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Vitamin D insufficiency is known to be related to cardiometabolic disorders; however, the associations among serum 25-hydroxyvitamin D (25(OH)D) concentration and metabolic syndrome and cardiometabolic risk factors in children and adolescents have not yet been clearly delineated. For this reason, we investigated the relationship among serum 25(OH)D concentration and metabolic syndrome and cardiometabolic risk factors among Korean adolescents.
We performed a cross-sectional analysis and used hierarchical multivariate logistic regression analysis models to adjust for confounding variables.
We used the data gathered during the 2008–2009 Korea National Health and Nutrition Examination Survey (KNHANES).
Our subjects included 1504 Korean adolescents aged 12–18 years who participated in the KNHANES.
Vitamin D insufficiency, defined as 25(OH)D concentration <50 nmol/l, was found in 75·3 % of Korean adolescents and was associated with an increased risk of the prevalence of metabolic syndrome. Waist circumference and BMI were the most closely correlated cardiometabolic components of metabolic syndrome according to serum 25(OH)D status, but no significant relationship was found between serum 25(OH)D concentration and insulin resistance or for the risks for high blood pressure, hyperglycaemia, reduced HDL-cholesterol or hypertriacylglycerolaemia, with or without adjustment for confounding variables.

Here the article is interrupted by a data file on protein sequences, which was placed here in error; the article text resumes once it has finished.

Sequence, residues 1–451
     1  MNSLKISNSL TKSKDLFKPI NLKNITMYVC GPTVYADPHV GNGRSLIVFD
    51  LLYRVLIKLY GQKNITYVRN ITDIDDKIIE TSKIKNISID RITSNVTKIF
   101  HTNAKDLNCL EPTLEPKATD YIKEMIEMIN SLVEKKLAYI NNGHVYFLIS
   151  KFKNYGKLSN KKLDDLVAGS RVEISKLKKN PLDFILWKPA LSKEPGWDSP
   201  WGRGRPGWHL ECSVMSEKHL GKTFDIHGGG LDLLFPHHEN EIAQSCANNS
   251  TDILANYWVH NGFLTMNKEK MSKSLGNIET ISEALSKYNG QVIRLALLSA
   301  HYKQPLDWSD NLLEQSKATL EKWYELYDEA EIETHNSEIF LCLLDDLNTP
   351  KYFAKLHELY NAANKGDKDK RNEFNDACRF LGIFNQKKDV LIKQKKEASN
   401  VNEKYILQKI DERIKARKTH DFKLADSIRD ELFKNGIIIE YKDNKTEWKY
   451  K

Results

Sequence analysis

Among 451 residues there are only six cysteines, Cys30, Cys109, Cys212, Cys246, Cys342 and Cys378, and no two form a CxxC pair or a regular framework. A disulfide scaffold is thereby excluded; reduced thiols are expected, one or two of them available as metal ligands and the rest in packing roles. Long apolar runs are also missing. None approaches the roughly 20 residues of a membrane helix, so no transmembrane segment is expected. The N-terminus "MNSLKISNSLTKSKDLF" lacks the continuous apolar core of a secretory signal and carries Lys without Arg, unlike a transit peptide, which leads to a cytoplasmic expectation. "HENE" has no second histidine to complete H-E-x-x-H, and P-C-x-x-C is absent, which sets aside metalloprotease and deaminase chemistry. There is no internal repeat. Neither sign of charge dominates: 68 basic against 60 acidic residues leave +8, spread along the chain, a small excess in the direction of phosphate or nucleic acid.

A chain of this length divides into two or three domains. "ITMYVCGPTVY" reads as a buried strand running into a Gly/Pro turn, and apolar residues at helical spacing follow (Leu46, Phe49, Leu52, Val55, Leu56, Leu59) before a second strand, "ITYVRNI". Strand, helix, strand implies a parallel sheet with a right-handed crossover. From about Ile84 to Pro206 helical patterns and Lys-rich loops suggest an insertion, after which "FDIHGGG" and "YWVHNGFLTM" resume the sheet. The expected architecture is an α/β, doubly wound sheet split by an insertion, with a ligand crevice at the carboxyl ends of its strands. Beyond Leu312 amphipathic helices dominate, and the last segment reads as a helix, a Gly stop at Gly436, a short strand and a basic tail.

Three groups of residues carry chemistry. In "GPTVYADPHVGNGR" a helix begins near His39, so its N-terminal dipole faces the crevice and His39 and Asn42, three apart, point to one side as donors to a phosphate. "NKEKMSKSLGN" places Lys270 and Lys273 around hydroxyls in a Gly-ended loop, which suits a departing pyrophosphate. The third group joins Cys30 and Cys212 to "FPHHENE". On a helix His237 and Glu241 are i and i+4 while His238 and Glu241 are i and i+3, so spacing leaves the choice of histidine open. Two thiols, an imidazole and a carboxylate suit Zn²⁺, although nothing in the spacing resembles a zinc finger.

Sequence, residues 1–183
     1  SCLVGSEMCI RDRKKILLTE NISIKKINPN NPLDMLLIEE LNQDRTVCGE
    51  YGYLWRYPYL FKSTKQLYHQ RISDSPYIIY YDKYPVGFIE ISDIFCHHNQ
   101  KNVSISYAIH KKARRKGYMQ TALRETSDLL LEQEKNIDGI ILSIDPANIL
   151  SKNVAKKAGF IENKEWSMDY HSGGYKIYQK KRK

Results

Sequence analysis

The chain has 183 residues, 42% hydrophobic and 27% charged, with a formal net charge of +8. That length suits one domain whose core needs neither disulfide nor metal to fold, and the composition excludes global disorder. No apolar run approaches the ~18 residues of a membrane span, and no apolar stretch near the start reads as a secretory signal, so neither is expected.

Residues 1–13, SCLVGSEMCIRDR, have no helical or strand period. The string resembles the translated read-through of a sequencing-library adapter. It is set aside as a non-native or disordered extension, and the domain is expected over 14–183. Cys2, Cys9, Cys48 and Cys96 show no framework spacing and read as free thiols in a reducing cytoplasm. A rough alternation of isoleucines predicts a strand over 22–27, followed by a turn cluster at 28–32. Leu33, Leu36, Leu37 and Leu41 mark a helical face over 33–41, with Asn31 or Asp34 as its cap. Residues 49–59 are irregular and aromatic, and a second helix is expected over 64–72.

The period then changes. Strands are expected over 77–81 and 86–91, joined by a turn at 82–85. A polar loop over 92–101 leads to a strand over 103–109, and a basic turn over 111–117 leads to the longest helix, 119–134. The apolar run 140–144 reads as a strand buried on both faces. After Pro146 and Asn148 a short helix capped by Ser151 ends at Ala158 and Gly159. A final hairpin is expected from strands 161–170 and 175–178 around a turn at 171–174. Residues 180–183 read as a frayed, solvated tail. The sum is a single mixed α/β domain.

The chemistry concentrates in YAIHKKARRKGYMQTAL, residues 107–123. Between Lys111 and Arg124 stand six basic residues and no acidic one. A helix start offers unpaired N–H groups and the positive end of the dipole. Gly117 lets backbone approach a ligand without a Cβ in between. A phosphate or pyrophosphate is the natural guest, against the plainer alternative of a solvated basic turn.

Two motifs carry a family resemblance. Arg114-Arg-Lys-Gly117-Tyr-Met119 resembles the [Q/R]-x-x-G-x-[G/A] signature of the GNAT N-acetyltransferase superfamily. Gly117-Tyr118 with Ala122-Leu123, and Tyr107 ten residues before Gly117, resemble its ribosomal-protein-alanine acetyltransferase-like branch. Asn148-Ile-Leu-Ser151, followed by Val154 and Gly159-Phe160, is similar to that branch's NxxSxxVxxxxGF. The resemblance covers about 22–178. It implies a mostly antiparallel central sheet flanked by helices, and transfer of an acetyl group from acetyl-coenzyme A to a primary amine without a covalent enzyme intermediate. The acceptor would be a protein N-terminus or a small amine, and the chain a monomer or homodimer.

Low serum 25(OH)D concentration appears to be associated with several cardiometabolic risk factors and an increased risk of the prevalence of metabolic syndrome in Korean adolescents.
Borna disease virus (BDV) predominantly infects horses and sheep, causing a broad range of behavioural disorders. It is controversial whether BDV infects humans and causes psychiatric disorders.
We searched for BDV-derived nucleic acids in blood of race horses and jockeys riding the horses.
We assayed for the BDV genome in RNA extracted from peripheral blood mononuclear cells (PBMC) of 39 race horses and 48 jockeys. Two polymerase chain reaction protocols [one-tube reverse transcription–polymerase chain reaction (RT-PCR) and two-step RT-PCR] were used to assay BDV p24 and p40 transcripts.
The p24 and p40 viral nucleic acid sequences were not detected in the PBMC RNAs from any of the race horses or jockeys.
These data do not support an epidemiological association between BDV infection, race horses and humans.
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